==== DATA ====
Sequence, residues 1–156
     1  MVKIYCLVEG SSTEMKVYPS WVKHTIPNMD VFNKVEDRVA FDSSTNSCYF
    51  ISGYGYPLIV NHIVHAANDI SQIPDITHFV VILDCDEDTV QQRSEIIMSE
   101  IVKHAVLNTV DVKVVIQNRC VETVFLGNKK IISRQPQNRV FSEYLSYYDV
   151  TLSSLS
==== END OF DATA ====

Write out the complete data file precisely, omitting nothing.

Sequence, residues 1–156
     1  MVKIYCLVEG SSTEMKVYPS WVKHTIPNMD VFNKVEDRVA FDSSTNSCYF
    51  ISGYGYPLIV NHIVHAANDI SQIPDITHFV VILDCDEDTV QQRSEIIMSE
   101  IVKHAVLNTV DVKVVIQNRC VETVFLGNKK IISRQPQNRV FSEYLSYYDV
   151  TLSSLS